FilmJuice have my review of Dennis Hopper’s decidedly uneven crime drama Colors, starring Sean Penn and Robert Duvall.
Colors is one of those films that I never got round to seeing, despite remembering its release and the fact that it was a really big deal at the time. You can sort of see why the film was such a big deal back in the 1980s… Dennis Hopper had left his compound, sobered up and returned to the director’s chair a new man. His first film back in charge was a hard-hitting crime drama starring a Hollywood veteran in the form of Duvall and an up-and-comer in the form of Penn. Colors was taken seriously at the time of its release as it was one of the first mainstream Hollywood films to engage with gang-culture in a somewhat nuanced fashion. Since then, the film has dipped from view because a) it’s not actually very good and b) the early 1990s saw a number of African American directors (including John Singleton and Mario Van Peebles) rising to prominence and making much better and more ‘authentic’ films about the exact same themes and subject matter.
The frustrating thing about Colors is that it clearly contains some very interesting ideas. For example, rather than having the two cops face off against a whole gang and bring them to justice, the film does recognise that two white cops aren’t going to make much of a difference and so it has the police nibble ineffectually at what is quite obviously a much larger social problem. Indeed, while the film does follow a particular Crip set, you never get the impression that killing any member of the set or bringing the set to justice would make a blind bit of difference. The leader of the set is played by a very young Don Cheadle who rarely says a word and so gives the impression that he’s simply a vehicle for much larger social forces. Kill him and another guy would rise up to lead the set. Bring down the set and another would rise up to take its place. The problem is that while Colors does this type of stuff really well, it also wants to hit the beats of a traditional Hollywood genre film and so you need goodies, baddies, pathos and action scenes. A braver director would have seen these elements in the script and downplayed them but this was Hopper’s first mainstream directorial gig in a long time and he was clearly desperate not to deliver a sprawling art movie:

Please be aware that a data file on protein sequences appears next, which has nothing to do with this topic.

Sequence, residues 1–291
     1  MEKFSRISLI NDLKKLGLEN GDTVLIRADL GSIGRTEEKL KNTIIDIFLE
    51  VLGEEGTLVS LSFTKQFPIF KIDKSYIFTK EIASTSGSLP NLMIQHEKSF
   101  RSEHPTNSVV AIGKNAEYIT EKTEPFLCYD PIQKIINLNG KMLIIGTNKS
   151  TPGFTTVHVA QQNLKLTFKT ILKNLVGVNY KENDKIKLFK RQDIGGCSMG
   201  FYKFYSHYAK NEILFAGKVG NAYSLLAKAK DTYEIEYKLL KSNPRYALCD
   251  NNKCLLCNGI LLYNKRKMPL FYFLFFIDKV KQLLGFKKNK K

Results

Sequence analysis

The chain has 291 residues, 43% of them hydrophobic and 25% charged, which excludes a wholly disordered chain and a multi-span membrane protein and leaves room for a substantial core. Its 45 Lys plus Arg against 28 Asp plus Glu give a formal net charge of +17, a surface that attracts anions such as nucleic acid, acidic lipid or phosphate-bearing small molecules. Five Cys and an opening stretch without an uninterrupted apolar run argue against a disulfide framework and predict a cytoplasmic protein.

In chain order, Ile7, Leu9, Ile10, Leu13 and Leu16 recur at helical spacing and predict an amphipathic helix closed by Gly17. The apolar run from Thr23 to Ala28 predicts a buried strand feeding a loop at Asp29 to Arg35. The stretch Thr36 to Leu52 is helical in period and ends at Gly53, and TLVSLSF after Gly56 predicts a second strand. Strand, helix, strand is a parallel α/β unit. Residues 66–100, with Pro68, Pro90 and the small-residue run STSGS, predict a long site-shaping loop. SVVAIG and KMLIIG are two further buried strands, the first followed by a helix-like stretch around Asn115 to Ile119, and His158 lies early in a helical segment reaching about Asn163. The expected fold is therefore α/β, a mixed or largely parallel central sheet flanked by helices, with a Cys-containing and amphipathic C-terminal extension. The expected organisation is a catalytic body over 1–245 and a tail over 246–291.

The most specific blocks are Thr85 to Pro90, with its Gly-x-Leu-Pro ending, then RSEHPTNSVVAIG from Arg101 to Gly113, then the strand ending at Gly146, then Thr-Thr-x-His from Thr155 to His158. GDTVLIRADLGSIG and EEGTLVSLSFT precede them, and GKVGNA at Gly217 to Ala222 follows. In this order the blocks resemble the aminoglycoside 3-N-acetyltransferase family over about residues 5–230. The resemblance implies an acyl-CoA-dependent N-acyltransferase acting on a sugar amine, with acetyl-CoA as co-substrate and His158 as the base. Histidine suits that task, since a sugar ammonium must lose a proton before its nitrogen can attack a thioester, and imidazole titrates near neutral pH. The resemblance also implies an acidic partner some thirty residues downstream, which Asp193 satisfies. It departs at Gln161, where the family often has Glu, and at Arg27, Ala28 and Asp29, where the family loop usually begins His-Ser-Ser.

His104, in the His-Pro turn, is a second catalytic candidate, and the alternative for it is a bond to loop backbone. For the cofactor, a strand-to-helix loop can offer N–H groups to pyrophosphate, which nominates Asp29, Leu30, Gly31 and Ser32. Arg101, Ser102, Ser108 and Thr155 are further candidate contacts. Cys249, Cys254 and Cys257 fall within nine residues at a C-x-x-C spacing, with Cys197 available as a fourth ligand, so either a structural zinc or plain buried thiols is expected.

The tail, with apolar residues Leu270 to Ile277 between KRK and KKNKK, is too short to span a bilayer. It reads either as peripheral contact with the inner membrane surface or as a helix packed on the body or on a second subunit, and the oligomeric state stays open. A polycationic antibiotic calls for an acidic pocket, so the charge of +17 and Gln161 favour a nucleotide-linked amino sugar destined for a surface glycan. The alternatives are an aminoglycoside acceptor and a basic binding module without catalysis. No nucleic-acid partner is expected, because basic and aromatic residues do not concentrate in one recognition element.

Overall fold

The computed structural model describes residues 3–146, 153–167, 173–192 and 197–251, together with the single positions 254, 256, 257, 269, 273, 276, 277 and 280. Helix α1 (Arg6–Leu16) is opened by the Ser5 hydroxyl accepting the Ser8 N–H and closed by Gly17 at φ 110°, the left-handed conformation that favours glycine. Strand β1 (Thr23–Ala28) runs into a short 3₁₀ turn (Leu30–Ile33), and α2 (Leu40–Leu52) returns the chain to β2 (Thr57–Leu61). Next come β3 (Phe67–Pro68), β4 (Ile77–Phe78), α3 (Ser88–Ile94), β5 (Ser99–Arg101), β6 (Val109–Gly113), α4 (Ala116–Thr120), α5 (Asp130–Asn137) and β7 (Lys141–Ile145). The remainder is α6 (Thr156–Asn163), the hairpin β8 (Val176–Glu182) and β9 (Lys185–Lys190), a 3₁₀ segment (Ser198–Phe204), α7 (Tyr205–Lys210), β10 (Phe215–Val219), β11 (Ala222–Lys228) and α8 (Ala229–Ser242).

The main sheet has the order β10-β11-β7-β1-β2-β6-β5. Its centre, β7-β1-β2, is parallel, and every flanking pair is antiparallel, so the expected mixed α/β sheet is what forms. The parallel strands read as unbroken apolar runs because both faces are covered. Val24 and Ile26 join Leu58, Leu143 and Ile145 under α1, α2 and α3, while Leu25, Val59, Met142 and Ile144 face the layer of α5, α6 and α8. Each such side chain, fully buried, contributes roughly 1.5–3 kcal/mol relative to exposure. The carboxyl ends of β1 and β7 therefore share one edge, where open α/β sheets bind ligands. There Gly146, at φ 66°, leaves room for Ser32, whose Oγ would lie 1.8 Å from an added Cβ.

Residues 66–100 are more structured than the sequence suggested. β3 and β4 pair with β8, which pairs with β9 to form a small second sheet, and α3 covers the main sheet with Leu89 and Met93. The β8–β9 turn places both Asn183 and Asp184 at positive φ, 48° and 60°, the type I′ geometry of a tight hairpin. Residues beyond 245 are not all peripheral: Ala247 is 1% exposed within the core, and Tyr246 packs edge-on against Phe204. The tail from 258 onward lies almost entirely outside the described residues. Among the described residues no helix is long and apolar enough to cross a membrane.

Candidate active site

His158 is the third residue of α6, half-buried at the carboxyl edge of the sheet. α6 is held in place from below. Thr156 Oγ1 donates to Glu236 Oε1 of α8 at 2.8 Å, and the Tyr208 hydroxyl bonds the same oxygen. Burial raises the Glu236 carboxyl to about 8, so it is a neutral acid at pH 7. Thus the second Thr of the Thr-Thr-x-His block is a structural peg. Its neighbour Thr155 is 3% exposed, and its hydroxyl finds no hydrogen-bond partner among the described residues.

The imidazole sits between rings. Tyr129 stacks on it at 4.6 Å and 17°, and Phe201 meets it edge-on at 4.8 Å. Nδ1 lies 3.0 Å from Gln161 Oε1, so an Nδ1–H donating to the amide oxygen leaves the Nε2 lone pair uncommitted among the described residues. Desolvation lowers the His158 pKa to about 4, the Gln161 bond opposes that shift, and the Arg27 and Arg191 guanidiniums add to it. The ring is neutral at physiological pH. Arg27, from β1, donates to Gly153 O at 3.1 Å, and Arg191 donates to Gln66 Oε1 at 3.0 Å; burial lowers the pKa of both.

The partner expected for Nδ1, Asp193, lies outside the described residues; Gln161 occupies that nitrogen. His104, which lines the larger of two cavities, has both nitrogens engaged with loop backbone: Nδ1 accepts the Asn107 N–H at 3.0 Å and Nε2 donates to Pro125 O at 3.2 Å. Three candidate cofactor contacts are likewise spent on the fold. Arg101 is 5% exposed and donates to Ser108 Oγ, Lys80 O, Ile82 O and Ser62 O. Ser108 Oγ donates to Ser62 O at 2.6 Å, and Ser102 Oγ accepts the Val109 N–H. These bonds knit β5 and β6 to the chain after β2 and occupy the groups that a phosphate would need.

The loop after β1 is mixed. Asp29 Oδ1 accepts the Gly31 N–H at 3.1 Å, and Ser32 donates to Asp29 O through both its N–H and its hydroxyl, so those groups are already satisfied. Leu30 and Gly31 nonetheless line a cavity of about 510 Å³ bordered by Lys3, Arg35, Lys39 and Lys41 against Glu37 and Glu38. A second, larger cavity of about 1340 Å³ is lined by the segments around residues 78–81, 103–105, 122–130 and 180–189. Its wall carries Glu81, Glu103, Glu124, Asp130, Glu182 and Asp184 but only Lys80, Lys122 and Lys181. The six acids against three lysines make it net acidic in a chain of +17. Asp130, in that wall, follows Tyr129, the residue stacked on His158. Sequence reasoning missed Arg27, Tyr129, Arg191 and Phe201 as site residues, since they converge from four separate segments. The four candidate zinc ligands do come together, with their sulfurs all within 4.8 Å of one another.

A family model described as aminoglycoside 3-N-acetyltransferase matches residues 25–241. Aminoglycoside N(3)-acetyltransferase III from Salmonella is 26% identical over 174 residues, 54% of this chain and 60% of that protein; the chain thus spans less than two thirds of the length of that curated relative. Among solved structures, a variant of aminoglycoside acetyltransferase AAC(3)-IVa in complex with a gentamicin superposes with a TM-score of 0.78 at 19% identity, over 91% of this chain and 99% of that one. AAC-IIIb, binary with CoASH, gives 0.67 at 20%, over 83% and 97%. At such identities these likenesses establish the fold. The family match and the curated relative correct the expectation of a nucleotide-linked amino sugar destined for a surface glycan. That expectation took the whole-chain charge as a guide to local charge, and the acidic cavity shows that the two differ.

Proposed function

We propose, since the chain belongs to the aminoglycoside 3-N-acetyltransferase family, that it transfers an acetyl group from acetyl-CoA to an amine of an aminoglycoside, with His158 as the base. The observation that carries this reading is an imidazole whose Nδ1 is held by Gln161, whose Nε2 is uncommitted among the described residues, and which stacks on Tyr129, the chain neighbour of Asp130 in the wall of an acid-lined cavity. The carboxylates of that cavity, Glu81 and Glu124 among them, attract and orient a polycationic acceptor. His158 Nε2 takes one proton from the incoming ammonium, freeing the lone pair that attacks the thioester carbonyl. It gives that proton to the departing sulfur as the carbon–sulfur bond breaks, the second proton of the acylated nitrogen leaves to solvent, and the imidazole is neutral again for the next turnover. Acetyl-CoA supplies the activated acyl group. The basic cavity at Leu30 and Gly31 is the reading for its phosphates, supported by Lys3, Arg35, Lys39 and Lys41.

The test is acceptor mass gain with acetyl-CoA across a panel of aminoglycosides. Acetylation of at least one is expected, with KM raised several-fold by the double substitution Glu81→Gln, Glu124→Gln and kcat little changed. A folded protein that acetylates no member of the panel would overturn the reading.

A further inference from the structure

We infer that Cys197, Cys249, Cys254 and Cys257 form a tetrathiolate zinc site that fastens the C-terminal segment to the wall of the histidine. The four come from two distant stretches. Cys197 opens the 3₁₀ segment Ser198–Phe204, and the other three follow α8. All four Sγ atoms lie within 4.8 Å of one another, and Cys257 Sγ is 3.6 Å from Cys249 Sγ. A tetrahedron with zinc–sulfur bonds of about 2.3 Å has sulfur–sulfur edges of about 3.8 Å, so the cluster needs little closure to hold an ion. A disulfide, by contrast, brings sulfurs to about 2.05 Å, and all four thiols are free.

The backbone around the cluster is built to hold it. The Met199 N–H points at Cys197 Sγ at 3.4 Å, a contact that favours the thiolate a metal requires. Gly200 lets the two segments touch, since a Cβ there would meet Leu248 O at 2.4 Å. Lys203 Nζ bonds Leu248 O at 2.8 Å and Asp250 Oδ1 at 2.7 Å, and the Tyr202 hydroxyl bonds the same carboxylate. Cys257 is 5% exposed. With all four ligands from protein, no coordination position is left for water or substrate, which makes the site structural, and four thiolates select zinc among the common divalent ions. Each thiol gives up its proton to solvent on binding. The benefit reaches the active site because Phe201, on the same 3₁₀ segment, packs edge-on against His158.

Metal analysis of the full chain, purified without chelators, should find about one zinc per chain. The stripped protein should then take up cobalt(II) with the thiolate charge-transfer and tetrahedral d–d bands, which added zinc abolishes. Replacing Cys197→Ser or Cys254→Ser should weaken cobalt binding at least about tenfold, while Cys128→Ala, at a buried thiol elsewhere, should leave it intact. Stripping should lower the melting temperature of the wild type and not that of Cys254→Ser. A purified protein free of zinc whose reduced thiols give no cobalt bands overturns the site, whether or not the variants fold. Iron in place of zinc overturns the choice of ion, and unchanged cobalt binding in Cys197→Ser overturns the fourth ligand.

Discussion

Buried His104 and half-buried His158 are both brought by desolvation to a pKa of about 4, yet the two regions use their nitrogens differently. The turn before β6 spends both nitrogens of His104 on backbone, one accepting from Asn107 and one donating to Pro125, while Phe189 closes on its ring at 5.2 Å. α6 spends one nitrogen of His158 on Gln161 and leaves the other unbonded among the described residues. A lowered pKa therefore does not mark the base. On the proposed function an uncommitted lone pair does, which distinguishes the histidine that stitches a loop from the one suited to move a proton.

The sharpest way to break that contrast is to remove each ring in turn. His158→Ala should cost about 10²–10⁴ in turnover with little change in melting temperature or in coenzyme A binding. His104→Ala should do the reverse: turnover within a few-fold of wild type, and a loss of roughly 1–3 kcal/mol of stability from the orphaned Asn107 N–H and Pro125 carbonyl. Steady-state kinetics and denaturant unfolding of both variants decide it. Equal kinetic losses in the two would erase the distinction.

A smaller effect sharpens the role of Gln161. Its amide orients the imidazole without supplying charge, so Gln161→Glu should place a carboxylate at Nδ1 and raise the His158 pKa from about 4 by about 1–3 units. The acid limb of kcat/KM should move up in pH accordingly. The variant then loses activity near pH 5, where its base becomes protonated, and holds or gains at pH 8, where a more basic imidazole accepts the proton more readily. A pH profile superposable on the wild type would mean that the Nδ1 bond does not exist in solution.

This is why we have a film with a non-linear plot structure that feeds unconvincingly into a moment of pathos that would have been better served by a traditional three act structure, a film about the horrors of gang violence that includes a number of ridiculously over-the-top action sequences, and a socially conscious message film that side-lines its own message in order to focus on the poorly developed man-pain of two White cops. The Dennis Hopper of Easy Rider might have been able to turn this sprawling mess into something coherent but the Hopper of the late 1980s was simply not up to the task and the films that followed in the wake of Colors were similarly uninspired and unimpressive.
Colors is being re-released on Blu-ray alongside State of Grace as part of an informal Sean Penn double-bill. Neither film is really that good but they do serve as a reminder of the types of films that used to be Hollywood’s mainstay before the beginning of the perpetual summer in which we all currently roast.